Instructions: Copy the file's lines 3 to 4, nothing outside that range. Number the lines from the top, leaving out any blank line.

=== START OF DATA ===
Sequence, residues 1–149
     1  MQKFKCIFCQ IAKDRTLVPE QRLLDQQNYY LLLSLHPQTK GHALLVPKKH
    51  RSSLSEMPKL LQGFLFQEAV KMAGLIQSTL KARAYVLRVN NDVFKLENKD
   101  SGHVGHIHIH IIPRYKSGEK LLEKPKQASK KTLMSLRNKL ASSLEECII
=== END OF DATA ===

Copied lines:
    51  RSSLSEMPKL LQGFLFQEAV KMAGLIQSTL KARAYVLRVN NDVFKLENKD
   101  SGHVGHIHIH IIPRYKSGEK LLEKPKQASK KTLMSLRNKL ASSLEECII